Not a very original title, but after realizing the long weekend was unfairly ending after only three days, I took a look at the relationship between sales prices and rental prices through the "gross rent multiplier" aka GRM. I presented the relationship between median sales price and annualized median rental price since 1991 as a ratio.
Median Sales Price = Gross Rent Multiplier (GRM)
Median Rental Price (annual)
In my analysis of co-ops and condos, I was trying to replicate how a small investor of a multi-family rental building might view a purchase of a single apartment. I realize that the mix of sales and rental properties are different: condos and co-ops tend to be larger than rentals in square footage, but the relationship in size is generally consistent across this 2+ decade period of time. And hey, this is Curbed. In the late 1980's (pre-dating the chart), GRMs for small rental buildings were around 10x. Now with crazy low financing costs our commercial appraisal firm is seeing GRMs of 18x, 20x or higher. Very similar to the individual apartment market trend shown in the chart.
If an investor pays a high GRM, it suggests that sales are NOT being driven (i.e. buyers aren't only being motivated) by the income stream (i.e. rent) that a property could potentially generate. They are more focused on future value upside. To many economists, a high GRM infers that prices are too (damn) high because rent reflects a way to quantify the occupancy of the space.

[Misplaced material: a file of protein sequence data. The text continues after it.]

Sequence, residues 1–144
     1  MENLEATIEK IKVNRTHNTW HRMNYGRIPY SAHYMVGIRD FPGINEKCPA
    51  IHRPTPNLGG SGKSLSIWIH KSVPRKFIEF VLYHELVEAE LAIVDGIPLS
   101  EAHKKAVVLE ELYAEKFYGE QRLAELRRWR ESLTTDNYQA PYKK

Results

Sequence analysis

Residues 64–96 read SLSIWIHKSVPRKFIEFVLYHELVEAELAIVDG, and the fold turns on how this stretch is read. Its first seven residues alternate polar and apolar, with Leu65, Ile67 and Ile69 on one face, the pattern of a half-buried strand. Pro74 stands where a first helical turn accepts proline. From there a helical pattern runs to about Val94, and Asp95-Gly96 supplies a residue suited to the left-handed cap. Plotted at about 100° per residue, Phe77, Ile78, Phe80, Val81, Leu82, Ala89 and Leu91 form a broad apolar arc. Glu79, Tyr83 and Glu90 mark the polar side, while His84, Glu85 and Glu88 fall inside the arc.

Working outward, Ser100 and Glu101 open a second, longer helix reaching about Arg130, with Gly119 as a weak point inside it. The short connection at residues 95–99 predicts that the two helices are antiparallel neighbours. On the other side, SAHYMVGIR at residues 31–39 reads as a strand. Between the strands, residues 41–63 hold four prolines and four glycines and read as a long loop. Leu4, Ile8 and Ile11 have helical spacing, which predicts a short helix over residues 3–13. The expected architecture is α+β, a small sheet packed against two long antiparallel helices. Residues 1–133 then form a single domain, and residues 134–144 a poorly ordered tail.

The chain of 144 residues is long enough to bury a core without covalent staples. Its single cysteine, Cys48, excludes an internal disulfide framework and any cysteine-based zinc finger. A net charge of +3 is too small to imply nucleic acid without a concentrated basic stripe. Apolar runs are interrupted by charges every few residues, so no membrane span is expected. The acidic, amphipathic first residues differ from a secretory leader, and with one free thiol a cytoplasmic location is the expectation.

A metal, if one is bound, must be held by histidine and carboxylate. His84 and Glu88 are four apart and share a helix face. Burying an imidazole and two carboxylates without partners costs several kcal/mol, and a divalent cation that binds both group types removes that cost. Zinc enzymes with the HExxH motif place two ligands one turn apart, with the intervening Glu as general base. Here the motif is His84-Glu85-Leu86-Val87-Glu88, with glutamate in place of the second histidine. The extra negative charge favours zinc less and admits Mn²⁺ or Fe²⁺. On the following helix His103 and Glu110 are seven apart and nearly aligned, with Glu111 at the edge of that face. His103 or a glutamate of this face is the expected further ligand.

A few observations:
· The Manhattan 22-year average GRM was 16.6 and 1Q13 had a GRM of 21.5.
· Tremendous disparity between the low (7.3, 4Q96) and the high (26.7, 2Q08)
· GRMs haven't fallen much since Lehman in 3Q 08 since both sales prices AND rents fell, keeping the multiplier the same.
· I have no way of confirming what a normal long term level would be since my data goes back 20-25 years. I suspect it's closer to 12x.
The high GRM levels of the past 5 years (post-Lehman) suggests buyer attitudes haven't changed much, that the sale of individual apartments is not economically driven by investors looking for rental income that justifies the purchase (and equates to the value of occupancy). This is perhaps one of the reasons there is an underlying uneasiness about the market within the current housing euphoria.